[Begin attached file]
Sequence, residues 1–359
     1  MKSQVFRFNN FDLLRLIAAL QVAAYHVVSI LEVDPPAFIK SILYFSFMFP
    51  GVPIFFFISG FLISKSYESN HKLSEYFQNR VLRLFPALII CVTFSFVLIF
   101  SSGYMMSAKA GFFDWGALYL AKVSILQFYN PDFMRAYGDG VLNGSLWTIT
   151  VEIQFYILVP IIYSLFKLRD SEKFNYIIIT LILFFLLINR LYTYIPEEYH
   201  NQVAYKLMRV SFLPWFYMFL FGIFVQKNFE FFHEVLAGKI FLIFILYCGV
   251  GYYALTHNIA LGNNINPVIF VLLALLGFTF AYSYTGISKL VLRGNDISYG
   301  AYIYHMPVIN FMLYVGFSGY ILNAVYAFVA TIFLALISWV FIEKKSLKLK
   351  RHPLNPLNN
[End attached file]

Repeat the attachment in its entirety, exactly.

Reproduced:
Sequence, residues 1–359
     1  MKSQVFRFNN FDLLRLIAAL QVAAYHVVSI LEVDPPAFIK SILYFSFMFP
    51  GVPIFFFISG FLISKSYESN HKLSEYFQNR VLRLFPALII CVTFSFVLIF
   101  SSGYMMSAKA GFFDWGALYL AKVSILQFYN PDFMRAYGDG VLNGSLWTIT
   151  VEIQFYILVP IIYSLFKLRD SEKFNYIIIT LILFFLLINR LYTYIPEEYH
   201  NQVAYKLMRV SFLPWFYMFL FGIFVQKNFE FFHEVLAGKI FLIFILYCGV
   251  GYYALTHNIA LGNNINPVIF VLLALLGFTF AYSYTGISKL VLRGNDISYG
   301  AYIYHMPVIN FMLYVGFSGY ILNAVYAFVA TIFLALISWV FIEKKSLKLK
   351  RHPLNPLNN